It took Dallas almost two years to get the results of the police staffing study it commissioned from KPMG, one of the world's biggest auditing firms. Judging from what DPD brass told members of the City Council on Monday, actually making any hay from the study's conclusions is going to take longer.
In August, when KPMG presented its findings to the Council, it suggested three scenarios that could get the department close to its goal of responding to every Priority 1 911 call in less than eight minutes. At current staffing levels, according to the report, the police department can leverage 806 weekly overtime hours and meet 98% of demand. It can hire 703 officers and meet 100% of demand without giving out any overtime work, or spread 881 overtime hours around and meet all of Dallas' demand by hiring 348 more officers.
DPD Chief Renee Hall indicated that the department is going to try to put the last option in place, starting with a pilot program at the South Central substation. As part of the pilot, South Central will get about 20 new officers. Those officers will bid for new shift assignments in February, so that the station is in line with the staggered shifts the study recommends for optimal coverage. The pilot will begin in March.
As part of the pilot, 911 callers reporting low-priority crimes will be required to use the department's online reporting system or telephone expediting system, to ensure that officers are able to spend as much time as possible in the field.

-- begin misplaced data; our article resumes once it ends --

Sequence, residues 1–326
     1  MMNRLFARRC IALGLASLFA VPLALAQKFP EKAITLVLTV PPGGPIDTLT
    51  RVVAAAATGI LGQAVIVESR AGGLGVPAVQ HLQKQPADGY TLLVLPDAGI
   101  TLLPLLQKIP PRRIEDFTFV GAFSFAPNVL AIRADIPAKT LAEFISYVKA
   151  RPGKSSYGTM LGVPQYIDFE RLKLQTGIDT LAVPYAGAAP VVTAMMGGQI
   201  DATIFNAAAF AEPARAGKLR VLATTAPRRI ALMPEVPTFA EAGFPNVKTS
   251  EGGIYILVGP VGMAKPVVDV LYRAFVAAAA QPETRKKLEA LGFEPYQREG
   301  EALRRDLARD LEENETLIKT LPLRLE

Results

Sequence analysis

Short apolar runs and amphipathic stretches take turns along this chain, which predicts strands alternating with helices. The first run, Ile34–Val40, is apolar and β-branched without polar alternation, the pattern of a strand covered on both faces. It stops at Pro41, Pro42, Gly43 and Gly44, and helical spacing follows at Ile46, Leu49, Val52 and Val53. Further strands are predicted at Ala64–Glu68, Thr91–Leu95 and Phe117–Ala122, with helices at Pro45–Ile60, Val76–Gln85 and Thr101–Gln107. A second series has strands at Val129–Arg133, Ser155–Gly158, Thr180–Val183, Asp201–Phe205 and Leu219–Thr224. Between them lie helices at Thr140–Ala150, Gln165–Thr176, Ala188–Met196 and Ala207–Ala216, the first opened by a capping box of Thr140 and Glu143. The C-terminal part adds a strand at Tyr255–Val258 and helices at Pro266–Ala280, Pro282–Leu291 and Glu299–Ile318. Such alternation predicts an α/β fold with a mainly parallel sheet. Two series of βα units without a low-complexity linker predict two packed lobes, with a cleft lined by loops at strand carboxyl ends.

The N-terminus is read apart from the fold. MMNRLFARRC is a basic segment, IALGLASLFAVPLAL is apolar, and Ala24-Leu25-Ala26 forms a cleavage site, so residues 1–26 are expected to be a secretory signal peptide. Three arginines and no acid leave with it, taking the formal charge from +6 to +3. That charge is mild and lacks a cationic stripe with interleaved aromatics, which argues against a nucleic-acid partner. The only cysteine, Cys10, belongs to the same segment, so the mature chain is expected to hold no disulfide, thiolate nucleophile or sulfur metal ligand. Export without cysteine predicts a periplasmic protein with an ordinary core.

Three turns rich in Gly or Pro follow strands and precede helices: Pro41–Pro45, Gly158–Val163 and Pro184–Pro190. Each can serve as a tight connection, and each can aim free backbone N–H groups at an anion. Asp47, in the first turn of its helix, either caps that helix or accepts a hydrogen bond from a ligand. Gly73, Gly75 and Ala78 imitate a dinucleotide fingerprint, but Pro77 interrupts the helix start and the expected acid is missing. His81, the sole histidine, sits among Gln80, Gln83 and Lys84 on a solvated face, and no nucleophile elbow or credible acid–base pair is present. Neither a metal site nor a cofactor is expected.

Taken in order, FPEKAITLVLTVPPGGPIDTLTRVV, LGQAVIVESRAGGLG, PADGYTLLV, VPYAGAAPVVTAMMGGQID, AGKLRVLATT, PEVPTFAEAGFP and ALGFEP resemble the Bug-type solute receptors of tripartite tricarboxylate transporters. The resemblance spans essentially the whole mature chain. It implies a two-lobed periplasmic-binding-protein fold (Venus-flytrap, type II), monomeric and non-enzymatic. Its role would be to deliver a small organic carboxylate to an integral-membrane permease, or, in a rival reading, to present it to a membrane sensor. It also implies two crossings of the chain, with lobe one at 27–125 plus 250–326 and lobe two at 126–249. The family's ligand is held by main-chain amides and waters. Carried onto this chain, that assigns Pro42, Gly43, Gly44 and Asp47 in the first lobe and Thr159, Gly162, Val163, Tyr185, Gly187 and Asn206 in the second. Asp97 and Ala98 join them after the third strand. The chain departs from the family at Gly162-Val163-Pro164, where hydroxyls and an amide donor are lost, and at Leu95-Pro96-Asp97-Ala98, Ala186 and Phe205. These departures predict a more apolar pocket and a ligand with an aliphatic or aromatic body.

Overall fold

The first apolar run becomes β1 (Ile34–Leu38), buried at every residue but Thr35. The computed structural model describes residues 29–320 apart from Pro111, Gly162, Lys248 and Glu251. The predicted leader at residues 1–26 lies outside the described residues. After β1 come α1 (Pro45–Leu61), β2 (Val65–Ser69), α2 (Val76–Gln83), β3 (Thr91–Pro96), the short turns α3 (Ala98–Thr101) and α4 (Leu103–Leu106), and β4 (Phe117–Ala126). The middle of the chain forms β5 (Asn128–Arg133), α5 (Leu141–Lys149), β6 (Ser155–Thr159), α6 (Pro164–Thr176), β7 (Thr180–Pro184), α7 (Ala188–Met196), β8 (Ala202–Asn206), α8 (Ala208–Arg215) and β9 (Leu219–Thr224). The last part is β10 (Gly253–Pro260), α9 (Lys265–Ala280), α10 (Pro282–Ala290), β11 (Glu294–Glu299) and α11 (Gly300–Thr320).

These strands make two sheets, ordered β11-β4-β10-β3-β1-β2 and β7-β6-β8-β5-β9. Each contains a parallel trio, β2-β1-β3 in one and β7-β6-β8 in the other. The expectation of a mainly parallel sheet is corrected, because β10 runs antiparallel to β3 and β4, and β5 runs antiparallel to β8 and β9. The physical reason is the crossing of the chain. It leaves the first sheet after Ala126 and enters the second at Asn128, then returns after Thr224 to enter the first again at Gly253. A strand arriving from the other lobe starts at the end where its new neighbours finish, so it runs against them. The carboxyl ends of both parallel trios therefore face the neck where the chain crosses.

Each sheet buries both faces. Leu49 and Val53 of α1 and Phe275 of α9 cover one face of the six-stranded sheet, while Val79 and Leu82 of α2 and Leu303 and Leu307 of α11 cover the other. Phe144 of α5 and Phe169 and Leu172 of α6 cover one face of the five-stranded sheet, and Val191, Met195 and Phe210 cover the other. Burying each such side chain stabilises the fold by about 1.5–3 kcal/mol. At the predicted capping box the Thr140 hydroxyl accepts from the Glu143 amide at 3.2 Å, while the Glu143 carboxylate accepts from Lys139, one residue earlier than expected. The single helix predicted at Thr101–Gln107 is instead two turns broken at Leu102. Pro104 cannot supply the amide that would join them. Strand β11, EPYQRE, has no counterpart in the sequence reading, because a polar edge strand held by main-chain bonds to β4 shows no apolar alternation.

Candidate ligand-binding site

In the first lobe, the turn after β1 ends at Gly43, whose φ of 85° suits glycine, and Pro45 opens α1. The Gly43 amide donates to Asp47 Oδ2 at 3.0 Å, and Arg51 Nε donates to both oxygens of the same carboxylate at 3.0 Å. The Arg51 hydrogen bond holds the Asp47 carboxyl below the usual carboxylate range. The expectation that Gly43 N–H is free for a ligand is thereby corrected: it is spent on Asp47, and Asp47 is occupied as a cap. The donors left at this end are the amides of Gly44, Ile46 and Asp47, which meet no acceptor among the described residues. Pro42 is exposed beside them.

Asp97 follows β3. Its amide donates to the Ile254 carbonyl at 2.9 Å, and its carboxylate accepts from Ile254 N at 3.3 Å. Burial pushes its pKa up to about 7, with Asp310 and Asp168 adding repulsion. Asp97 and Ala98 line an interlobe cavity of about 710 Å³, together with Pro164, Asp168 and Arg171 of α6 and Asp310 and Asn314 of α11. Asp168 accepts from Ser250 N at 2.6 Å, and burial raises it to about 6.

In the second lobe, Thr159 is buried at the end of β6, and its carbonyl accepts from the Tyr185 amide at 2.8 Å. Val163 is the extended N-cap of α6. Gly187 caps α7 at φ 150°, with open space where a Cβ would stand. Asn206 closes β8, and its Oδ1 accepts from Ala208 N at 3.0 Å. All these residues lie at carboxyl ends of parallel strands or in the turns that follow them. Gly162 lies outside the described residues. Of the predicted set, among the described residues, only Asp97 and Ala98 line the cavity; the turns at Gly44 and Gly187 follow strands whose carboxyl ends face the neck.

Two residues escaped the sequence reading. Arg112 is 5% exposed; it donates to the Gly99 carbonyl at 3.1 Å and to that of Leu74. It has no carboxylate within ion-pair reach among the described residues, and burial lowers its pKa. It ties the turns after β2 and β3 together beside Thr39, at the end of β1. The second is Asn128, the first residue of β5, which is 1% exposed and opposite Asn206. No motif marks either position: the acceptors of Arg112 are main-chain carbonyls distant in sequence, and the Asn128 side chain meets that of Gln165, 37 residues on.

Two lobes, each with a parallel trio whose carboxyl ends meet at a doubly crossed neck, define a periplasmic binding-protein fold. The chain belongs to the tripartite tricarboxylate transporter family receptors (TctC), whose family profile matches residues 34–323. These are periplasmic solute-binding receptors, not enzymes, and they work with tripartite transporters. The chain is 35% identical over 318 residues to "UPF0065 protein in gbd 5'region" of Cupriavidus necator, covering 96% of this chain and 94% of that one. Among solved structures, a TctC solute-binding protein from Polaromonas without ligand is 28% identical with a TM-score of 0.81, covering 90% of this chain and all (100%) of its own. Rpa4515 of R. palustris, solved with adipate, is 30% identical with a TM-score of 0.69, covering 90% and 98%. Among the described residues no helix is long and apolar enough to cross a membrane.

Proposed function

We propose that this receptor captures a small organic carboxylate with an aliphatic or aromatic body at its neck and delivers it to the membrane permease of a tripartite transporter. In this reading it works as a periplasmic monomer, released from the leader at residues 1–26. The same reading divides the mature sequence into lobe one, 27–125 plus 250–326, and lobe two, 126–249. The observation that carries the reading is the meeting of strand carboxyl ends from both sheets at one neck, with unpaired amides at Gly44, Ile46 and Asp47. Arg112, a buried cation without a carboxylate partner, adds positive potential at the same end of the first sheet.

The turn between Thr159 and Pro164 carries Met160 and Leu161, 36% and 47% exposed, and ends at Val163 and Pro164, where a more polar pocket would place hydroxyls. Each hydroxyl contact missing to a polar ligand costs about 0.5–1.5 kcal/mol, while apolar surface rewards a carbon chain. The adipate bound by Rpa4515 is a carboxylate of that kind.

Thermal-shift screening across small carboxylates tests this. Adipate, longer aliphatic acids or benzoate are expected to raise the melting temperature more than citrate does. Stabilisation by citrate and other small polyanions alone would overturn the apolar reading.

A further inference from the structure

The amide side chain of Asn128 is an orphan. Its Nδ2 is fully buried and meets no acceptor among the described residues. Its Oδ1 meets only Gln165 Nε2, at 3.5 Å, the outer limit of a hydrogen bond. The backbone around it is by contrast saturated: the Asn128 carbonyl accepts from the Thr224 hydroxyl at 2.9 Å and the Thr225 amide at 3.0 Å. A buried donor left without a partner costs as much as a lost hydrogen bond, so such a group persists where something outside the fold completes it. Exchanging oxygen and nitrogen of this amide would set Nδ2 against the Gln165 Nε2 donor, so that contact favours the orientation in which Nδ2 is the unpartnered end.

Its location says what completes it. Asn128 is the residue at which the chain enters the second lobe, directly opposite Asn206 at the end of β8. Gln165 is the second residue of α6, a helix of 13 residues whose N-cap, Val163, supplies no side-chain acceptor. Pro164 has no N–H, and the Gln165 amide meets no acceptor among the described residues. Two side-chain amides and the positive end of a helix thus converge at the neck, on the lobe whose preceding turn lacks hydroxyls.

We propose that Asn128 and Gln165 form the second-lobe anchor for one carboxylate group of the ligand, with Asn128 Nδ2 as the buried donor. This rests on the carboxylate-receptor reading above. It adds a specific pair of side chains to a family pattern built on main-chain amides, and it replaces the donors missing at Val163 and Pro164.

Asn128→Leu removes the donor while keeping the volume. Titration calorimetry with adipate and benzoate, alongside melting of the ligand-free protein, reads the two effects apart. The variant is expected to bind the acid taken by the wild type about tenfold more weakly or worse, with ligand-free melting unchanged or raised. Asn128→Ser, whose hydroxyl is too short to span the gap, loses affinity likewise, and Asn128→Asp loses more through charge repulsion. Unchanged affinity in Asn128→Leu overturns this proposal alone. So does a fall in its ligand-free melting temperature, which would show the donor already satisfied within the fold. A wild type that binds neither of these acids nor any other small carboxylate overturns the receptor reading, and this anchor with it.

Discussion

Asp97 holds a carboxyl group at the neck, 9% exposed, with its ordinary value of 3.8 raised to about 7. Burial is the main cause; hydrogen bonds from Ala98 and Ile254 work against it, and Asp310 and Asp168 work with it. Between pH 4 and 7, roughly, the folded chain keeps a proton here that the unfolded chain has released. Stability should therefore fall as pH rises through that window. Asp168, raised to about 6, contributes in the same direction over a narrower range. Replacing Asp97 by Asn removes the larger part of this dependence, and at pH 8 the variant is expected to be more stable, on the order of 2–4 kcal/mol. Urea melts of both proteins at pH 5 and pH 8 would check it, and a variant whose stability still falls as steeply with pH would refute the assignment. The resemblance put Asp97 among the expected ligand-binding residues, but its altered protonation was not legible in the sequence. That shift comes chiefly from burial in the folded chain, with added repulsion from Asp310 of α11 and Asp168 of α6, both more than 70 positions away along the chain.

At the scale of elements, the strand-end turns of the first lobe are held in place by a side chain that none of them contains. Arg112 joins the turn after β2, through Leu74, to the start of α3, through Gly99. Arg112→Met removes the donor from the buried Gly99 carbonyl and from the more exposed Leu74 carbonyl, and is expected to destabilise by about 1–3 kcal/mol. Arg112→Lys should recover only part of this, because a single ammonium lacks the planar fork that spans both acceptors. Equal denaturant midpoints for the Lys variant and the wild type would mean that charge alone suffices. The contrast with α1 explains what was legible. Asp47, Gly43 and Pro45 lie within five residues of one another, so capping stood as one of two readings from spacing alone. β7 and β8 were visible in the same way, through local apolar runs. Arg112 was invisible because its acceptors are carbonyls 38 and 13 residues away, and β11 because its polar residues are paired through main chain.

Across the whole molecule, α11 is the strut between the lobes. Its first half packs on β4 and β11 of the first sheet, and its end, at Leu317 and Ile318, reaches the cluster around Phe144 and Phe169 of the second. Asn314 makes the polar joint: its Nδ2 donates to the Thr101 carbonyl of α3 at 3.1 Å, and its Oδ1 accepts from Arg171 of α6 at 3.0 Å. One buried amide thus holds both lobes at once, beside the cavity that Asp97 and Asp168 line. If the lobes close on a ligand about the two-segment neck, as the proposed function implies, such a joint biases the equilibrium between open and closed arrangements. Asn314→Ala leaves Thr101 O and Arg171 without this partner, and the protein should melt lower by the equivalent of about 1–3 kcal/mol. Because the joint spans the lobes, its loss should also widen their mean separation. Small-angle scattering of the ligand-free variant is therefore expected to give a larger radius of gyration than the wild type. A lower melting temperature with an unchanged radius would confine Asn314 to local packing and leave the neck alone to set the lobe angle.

To the chagrin of the City Council, that pilot hasn't even begun yet, which leaves Dallas' six non-South Central substations even further away from the new staffing strategies being implemented.
"It doesn't make sense to wait when we know we have problems." — Adam McGough
"It doesn't make sense to wait when we know we have problems," said council member Adam McGough. "There's going to be great information that will come from (the pilot program) and will be things we can use across the department, but there's no reason when we have six other divisions that are experiencing huge increases in crime where we just say, 'We gotta wait until South Central finishes.'"
Over the last six months, Hall said, the department's been getting ready to start testing the recommendations. She identified the department's improved report management as a benefit that's already been reaped from the study.
Cara Mendelsohn, the chief's frequent foe on the council, questioned the wisdom of jumping into the plan's recommendations when the department has yet to develop a strategy for fully implementing the study.
"We're implementing things, we're test-piloting things, when we don't have that done, and it doesn't make any sense to me," Mendelsohn said.
The chief said she expects DPD to have implemented each facet of the study within 36 months. In order for the plan to be put in place citywide, according to Hall, the department will need to hire about 350 more officers.